By the time we were back at the Entry Gate, it was 5 o'clock and the patrolling party was leaving for their daily scouting to round up all the people who entered the valley. Activities like these have kept the sanctity of the valley intact over the years.
In a normal situation, I should have rested at the Gurudwara after traversing 41 km in one and a half-day but it was essential for me to be at the Joshimath Bus Station the next which particularly meant another 13 km for that day. Since this was not the case with the friend, he decided to rest and start for Govindghat the next day. After charging up my phone for half an hour I bid farewell to him, exchanged numbers and wished him luck for life.
I had no idea what fate had decided for me, little did I know I would remember it forever my life. The sun had already set and I had just started my 13 km trek through the dense jungle. The first leg of the trek was just downhill which I ran, a decision which turns out I would regret the next 2 months while walking with a cane.
It was during the second leg of the trek things started to get scary and magical at the same time. I was hiking between thick jungle on both sides of the trail with the night sky above, visible sometimes through the crevices of the canopy. I believe it was the clearest night sky I have ever seen in my lifetime and the closest I have been to the stars. As soon as I reached midway, I started hearing voices of grown men. Although scared, my gut feeling made me pace up. I reached four men clad in all white with makeshift natural pole navigating themselves through the trail without the help of any light source. All this time I never realized the savior that my phone's flashlight had been. They were relieved to have received my assistance and I was happy to have found their company. A perfect symbiotic relationship.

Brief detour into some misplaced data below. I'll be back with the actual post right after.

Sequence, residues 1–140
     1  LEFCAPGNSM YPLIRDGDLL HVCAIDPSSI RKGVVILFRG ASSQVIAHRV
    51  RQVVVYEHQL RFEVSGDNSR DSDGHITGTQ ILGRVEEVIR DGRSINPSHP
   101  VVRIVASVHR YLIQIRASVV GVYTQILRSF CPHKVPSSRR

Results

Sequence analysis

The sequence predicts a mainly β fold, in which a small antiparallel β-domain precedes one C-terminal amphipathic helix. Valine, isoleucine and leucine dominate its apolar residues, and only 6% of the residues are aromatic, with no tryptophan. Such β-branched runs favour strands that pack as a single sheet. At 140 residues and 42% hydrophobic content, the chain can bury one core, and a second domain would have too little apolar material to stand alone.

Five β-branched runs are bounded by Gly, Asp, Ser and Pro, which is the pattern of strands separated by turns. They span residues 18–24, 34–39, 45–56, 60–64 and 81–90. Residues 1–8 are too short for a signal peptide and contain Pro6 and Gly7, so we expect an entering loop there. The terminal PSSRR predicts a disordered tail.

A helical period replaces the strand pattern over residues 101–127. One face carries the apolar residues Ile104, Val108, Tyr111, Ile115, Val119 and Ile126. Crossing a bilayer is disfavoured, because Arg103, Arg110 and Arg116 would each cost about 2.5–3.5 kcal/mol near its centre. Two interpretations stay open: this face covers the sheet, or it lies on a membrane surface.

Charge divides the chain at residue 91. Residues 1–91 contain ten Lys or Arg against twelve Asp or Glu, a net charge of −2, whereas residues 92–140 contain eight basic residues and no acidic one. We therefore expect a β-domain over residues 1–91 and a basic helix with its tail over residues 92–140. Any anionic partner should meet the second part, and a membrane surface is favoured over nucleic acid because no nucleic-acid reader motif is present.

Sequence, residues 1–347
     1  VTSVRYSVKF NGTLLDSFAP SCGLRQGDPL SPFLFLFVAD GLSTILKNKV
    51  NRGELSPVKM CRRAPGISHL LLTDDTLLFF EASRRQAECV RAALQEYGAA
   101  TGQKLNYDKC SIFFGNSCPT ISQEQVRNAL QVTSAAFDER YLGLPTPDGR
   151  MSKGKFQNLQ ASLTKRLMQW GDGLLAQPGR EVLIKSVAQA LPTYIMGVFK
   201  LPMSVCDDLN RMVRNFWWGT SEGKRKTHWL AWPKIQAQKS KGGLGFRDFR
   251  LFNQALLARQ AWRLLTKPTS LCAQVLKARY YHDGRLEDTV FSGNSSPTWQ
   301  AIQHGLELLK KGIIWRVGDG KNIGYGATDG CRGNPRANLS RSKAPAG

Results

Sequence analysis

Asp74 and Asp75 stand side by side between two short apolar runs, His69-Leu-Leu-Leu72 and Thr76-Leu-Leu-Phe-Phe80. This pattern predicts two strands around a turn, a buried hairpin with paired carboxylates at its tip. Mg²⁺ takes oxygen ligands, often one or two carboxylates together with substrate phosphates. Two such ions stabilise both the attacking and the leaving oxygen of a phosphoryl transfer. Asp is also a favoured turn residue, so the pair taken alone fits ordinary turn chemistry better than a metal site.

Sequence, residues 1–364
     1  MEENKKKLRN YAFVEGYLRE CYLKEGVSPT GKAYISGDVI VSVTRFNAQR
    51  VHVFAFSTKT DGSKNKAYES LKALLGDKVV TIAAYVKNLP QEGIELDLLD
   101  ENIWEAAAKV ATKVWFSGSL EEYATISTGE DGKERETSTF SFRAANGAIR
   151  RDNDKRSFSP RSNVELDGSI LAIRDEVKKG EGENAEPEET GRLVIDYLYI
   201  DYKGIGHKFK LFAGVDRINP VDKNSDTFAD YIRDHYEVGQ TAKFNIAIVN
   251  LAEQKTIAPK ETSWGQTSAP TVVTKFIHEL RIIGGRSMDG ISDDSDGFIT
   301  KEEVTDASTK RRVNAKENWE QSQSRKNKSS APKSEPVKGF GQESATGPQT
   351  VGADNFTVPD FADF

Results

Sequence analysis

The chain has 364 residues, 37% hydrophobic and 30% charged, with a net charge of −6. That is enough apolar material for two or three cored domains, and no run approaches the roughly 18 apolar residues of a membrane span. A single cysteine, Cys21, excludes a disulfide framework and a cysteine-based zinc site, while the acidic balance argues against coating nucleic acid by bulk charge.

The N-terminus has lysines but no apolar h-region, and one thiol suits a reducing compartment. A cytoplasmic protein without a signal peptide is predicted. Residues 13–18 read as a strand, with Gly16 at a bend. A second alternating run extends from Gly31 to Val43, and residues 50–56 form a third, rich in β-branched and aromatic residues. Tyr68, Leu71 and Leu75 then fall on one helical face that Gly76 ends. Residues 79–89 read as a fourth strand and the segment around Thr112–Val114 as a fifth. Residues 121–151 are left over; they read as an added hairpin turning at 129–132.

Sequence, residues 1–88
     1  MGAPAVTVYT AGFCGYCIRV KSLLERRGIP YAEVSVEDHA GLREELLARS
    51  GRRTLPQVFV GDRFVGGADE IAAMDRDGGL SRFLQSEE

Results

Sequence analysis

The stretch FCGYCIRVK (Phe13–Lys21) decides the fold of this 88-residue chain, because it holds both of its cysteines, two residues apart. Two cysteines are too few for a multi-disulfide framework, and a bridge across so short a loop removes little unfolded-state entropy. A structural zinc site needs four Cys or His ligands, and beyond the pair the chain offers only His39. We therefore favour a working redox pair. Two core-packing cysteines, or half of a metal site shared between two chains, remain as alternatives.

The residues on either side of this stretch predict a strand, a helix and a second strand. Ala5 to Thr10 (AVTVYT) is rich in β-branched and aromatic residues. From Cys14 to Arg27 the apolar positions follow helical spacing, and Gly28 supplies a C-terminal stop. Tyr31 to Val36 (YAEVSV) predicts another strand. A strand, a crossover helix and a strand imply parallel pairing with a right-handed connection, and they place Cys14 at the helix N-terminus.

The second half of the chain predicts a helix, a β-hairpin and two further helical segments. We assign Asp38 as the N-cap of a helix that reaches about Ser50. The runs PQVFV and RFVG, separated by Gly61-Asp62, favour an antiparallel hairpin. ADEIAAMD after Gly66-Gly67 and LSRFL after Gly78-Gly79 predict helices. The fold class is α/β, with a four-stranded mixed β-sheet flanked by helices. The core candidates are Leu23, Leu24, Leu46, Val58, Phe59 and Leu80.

'You only start a trip solo, you never finish one' would become mine go to advise for people asking anything about trekking. The entire distance back to Gurudwara was spent in conversation and them getting to know me and my solo trip. They were Hemkund pilgrims from Punjab who were inherently farmers but high officials of the village Panchayat. I had almost damaged my left knee and was barely able to walk the last 3 km. Since it had been raining at all times in the last two days and I had been walking the most of them, my shoes were completely done with. I was almost crying when I reached my bed at 10 in the might and let it all out when I did.